From the moment we start our lives, we rely on the generosity of others to help us through life. Most parents provide for the needs of their children while they grow up. It makes a lot of sense since as tiny humans we know nothing and can literally do nothing for ourselves. It’s no wonder we cry so much as babies. But along the way, the baby grows into a child. They soon realize they must learn skills and how to think for themselves if they are ever going to make it in this world.
Having a safety net to fall back on is very reassuring. However, it is not a good long-term plan to rely on, for multiple reasons. For starters, being self-sufficient as much as possible is the right thing to do. Also, any number of things can happen that could impact the security of that safety net. Challenges arise along the way such as health issues, emergencies, etc. Even worse, the people you come to rely upon may not always be there. They may leave on their own choice or may not have been given a choice at all. Either way, things change and often do so in the blink of an eye.
It’s like riding in a car that is near the end of its life. Sure, it still gets you from point A to point B but you never really know how much longer it will last. If the car breaks down, it could happen in the wrong place, at the wrong time. You have options. For starters, if it ever broke down, it might happen while your friends are in the car and they can get out and push the car to a safe place. Or, if you have money you could call a tow truck, should the car leave you stranded. There is another worthwhile option, working hard at saving or earning extra income to be ready for the next purchase.
It’s great to have generous people in your life. But always relying on their generosity will eventually wear them out because it’s hard enough to take care of oneself and/or one’s family. It becomes extremely difficult when the person accepting the generosity has the means to do more for themselves. Resentment and bitterness will start to set in when a person continually makes sacrifices for someone who is able to do more for themselves. If you start out on a hiking trip with someone and they injure themselves, you may be able to carry them but only for a while. If they start feeling better, you expect them to get off your back and carry their own weight.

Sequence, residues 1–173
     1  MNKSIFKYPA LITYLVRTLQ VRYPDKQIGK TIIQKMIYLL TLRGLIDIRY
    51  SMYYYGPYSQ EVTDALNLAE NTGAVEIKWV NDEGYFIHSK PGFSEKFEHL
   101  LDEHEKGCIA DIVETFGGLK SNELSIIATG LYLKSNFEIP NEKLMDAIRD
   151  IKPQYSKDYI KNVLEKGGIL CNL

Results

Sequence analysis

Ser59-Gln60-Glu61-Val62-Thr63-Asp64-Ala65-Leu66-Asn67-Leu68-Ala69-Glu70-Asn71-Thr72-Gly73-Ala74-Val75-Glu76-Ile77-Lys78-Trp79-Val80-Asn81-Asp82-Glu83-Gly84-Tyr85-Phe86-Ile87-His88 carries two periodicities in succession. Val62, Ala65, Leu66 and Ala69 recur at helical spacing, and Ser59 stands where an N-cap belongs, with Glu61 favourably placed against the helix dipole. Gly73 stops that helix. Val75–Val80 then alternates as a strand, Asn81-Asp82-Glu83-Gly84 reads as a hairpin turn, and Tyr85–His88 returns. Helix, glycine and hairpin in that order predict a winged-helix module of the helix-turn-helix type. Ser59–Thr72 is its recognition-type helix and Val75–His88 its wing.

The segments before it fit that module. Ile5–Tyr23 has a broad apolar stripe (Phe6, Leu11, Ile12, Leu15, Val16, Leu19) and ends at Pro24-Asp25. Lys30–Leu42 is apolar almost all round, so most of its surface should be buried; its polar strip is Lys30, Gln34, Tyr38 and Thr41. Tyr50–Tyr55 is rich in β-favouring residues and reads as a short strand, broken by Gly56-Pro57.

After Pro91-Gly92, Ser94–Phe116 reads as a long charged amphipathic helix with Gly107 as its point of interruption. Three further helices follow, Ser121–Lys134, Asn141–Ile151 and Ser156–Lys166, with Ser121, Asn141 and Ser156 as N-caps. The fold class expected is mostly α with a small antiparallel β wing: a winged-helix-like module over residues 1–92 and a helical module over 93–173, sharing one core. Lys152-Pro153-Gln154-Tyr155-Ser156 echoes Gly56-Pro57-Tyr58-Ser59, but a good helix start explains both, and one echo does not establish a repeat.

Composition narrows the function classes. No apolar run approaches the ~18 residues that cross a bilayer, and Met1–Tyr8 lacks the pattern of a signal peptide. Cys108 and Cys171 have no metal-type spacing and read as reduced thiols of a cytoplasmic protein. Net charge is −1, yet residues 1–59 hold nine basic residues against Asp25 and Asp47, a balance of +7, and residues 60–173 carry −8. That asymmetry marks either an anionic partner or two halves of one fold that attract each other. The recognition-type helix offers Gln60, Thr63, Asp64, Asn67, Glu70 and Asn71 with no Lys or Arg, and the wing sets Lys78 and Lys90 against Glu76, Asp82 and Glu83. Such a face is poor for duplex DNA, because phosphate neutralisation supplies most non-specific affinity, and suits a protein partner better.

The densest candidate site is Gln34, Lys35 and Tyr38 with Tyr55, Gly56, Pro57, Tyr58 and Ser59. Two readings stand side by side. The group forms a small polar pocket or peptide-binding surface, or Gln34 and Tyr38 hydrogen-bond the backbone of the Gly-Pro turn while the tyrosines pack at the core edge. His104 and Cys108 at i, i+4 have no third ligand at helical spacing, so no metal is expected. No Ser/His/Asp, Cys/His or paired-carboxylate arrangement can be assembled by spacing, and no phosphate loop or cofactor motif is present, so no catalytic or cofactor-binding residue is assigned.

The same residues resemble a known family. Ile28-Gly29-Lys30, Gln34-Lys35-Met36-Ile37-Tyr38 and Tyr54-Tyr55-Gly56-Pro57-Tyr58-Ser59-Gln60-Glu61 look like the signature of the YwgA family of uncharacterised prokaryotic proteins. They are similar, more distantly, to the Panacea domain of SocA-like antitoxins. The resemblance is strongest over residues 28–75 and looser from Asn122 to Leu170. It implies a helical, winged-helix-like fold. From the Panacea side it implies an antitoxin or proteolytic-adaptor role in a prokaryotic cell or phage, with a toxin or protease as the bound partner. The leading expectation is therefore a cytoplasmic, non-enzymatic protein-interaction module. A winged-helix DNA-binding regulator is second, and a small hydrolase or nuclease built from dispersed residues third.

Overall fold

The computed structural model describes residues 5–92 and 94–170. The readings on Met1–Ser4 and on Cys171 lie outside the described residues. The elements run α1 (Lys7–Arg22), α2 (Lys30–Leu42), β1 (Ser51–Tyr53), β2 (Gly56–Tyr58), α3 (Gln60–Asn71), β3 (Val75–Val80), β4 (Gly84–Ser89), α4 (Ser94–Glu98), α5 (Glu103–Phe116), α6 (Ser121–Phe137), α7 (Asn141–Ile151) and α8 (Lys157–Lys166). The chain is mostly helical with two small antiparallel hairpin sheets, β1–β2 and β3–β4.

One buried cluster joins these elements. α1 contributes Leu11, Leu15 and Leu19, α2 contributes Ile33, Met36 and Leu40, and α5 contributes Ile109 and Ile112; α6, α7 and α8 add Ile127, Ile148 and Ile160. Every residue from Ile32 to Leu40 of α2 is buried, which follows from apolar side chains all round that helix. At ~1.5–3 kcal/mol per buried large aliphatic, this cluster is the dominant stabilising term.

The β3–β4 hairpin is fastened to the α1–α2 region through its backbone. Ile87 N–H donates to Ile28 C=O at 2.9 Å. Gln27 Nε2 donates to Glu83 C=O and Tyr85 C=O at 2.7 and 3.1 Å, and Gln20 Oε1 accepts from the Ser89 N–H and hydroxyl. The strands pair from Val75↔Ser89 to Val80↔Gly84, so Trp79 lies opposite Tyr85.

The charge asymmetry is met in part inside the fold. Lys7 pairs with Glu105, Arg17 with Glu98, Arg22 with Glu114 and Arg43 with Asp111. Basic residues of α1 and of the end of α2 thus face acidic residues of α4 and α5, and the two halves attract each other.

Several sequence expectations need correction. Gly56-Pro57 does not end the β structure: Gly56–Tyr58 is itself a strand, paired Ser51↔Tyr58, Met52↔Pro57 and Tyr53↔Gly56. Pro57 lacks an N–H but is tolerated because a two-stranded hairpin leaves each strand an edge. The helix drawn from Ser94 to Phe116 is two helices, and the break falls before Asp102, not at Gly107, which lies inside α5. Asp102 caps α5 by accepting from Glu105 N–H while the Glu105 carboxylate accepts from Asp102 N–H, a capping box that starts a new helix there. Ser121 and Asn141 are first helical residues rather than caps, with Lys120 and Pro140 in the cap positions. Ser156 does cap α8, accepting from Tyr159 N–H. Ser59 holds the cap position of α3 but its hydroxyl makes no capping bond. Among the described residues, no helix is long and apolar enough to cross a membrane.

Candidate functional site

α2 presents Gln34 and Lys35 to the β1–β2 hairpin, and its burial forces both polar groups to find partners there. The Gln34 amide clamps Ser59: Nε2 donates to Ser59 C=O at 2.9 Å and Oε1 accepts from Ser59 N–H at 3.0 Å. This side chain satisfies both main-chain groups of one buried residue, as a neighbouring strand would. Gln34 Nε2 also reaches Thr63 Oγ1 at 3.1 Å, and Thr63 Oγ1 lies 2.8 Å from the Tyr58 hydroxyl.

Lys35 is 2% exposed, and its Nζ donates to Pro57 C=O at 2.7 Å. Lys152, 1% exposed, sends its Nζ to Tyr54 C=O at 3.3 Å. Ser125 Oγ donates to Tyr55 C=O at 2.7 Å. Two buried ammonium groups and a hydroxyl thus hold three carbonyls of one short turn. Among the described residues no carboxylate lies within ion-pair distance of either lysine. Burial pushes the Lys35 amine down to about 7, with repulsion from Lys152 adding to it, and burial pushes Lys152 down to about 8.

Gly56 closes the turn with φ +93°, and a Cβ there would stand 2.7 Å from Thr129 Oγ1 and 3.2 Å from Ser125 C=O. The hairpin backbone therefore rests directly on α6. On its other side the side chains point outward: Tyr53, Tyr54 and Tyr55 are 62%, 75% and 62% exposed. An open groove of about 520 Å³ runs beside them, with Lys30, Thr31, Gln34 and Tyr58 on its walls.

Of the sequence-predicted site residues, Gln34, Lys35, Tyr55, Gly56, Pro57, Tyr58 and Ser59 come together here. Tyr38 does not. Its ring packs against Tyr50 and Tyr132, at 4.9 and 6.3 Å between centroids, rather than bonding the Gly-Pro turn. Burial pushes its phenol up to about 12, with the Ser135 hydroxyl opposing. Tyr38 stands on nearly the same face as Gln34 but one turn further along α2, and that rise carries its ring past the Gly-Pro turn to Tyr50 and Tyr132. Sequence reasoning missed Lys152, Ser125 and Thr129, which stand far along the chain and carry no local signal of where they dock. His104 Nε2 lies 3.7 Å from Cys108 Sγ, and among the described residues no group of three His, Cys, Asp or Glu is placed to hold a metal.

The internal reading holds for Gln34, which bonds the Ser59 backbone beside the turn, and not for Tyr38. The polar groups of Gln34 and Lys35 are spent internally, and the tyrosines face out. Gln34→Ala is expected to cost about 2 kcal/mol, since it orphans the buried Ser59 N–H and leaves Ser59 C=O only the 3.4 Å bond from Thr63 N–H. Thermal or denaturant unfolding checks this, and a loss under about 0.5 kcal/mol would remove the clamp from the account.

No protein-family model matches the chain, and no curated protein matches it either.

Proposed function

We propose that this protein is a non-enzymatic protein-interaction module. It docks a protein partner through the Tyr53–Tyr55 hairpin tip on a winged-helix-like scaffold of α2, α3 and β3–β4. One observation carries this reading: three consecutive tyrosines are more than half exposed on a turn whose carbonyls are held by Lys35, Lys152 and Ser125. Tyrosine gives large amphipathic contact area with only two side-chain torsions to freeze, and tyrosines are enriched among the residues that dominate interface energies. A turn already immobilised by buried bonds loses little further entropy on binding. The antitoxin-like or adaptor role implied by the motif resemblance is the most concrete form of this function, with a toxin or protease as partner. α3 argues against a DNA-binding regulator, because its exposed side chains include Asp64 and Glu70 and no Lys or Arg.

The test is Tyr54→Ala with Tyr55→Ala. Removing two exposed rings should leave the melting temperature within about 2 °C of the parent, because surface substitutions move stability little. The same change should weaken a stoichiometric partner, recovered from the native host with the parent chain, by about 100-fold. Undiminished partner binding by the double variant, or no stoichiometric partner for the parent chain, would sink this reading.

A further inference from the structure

It is sometimes hard to accept, but the simple truth is, some people in your life may need to start carrying their own weight. Supplying their every need when they are capable of doing more for themselves, is wrong. It robs them of something amazing – purpose. You have carried them long enough that it’s time they figure out how to carry themselves. Even as much as you care for them, you may not always be able to do so. Then, after you are gone, what happens? They may be completely on their own, with no one to back them up. Life may be brutal to them. Don’t let it come to that.
Start somewhere, even with small steps. Eventually, like when a parent takes the training wheels off their child’s bike, you must let them “learn to ride” on their own. It may be scary at first but when they finally do it on their own, there will come a feeling of self-reliance that will boost their confidence like nothing else can. Then you will not have to worry about what will happen to them after you are gone. Eventually, you will witness them taking care of themselves. Who knows, in time they may create their own thread of generosity to save another in their hour of need.